Policing Pregnancy: A one-day conference on maternal autonomy, risk and responsibility
Wednesday 13 April 2016
Royal College of Physicians, London
The case for abstinence is not based on evidence. It is based on the logic of better safe than sorry. It is tempting, especially for an expectant mother, to say that any risk, however small or theoretical, is too great. But that is absurd. Everything about light drinking during pregnancy makes it the kind of theoretical risk that Americans are unlikely to evaluate sensibly. Doctors are innately cautious and made more so by lawyers hovering overhead with malpractice lawsuits (The Guardian, 1991).
The comment above appeared in a feature article in The Guardian newspaper in 1991, discussing advice given to American women about drinking and pregnancy. Twenty-five years later official opinion in Britain – and many other countries – has shifted to accept everything the author of this comment decried as ‘absurd’. ‘Better safe than sorry’ has become the central plank of advice to women.
This conference provides the opportunity for those concerned about the organisation of advice and also provision of care to pregnant women around this motto, to come together and discuss the issues raised.
A key observation made by those who have already raised concerns about risk-consciousness and pregnancy is that ‘better safe than sorry’ often brings with it a powerful impulse both to moralise about the behaviour and attitudes of pregnant woman, and also bring in new forms of regulation and oversight of pregnant women. The US sociologist Howard Becker wrote that moralisation is followed by policing, and a central aim of this event is to bring to light and assess the tension that exists between efforts to promote awareness of risk and the resultant policing of pregnancy, and the autonomy of pregnant woman.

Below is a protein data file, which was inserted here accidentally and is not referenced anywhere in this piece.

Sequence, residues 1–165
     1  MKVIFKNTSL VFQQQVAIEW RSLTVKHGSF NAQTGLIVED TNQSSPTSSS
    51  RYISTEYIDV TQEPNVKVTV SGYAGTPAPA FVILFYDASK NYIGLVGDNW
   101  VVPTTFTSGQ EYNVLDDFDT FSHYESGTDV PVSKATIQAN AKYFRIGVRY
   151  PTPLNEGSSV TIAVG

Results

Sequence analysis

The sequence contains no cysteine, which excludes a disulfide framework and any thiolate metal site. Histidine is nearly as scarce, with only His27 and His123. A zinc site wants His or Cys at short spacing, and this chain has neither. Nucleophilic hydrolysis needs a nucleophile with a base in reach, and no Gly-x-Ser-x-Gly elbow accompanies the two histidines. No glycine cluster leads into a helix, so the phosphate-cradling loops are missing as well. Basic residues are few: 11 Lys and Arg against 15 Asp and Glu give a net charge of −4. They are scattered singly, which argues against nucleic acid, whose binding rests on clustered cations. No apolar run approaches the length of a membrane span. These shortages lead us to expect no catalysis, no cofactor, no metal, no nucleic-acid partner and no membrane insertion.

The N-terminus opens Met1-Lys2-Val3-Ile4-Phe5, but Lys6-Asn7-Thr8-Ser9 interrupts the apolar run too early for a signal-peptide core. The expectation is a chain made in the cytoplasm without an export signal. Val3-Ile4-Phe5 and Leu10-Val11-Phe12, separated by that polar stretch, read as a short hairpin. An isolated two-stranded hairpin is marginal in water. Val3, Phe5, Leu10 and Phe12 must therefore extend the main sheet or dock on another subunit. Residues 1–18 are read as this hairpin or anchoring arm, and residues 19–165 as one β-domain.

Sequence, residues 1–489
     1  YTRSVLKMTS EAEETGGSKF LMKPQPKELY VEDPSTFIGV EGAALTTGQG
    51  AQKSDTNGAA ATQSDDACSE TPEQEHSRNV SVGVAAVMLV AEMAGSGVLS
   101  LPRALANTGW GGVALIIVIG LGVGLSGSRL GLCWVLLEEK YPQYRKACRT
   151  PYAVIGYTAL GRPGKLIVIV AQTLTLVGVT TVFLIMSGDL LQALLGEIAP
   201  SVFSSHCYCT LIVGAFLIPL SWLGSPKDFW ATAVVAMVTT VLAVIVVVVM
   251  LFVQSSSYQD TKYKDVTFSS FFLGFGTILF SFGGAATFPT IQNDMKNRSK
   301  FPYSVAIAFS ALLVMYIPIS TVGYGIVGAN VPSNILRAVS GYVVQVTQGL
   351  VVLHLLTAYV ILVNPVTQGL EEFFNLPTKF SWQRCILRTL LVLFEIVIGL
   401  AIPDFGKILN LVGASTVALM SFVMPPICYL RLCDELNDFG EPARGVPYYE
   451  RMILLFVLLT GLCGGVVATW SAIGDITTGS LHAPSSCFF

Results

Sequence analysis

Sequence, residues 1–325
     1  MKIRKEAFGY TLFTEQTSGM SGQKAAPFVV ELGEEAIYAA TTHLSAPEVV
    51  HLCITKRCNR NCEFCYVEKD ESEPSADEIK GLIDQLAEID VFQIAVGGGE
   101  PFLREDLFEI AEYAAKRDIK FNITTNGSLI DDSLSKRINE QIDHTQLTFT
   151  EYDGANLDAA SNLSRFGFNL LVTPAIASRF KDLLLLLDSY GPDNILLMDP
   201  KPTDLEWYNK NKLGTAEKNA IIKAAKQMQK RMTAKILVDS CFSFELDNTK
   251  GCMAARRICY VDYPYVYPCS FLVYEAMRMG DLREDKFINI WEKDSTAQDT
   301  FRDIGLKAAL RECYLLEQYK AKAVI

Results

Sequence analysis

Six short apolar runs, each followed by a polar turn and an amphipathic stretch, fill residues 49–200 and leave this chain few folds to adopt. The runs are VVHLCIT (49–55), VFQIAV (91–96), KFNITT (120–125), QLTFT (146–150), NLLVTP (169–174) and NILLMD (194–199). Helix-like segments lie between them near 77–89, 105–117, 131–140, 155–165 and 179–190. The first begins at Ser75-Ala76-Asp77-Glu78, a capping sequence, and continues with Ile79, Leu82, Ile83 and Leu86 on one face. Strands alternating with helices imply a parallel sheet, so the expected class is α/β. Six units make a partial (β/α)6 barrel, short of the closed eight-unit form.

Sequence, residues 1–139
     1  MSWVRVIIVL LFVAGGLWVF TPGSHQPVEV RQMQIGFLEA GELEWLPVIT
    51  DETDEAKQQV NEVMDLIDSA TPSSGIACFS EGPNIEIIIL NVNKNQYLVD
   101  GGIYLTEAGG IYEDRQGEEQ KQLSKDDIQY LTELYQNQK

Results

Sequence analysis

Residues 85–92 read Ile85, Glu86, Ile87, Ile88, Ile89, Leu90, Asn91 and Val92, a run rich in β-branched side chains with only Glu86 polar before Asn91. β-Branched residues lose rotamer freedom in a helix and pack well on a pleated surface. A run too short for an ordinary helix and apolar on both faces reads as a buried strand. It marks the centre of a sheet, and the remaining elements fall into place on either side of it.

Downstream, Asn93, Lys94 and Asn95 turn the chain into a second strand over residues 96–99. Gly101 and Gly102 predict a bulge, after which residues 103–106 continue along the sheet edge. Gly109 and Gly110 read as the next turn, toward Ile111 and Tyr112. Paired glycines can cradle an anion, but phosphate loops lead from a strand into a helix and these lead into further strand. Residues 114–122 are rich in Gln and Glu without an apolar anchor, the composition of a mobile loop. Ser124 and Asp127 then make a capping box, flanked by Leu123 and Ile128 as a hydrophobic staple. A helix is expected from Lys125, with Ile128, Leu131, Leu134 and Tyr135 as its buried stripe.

The topic of drinking and pregnancy forms the starting point for event, and discussion will cover developments in countries that have conventionally been thought of as the cultural and policy opposite to the United States, for example Scandinavia. We are delighted to welcome Lynn Paltrow to open the Symposium, with a lecture on the policing of pregnant women in the US, which will discuss alcohol and other drugs.
Afternoon sessions will consider topics where relate trends seem apparent and consider how developments contest the principle of autonomy. A roundtable session will discuss how food intake has become a locus for policy making through elevated concerns about overweight and obesity, and the conference will end with a discussion about the ways in which women’s birth choices and experiences are increasingly heavily policed.
The Policing Pregnancy conference is a collaboration between British Pregnancy Advisory Service (BPAS), Birthrights and the Centre for Parenting Culture Studies. The event is of interest to practitioners, advocates, academics, policy makers, journalists – and anyone else who is concerned about the expansion of risk thinking and its effects for the autonomy and choice-making ability of women.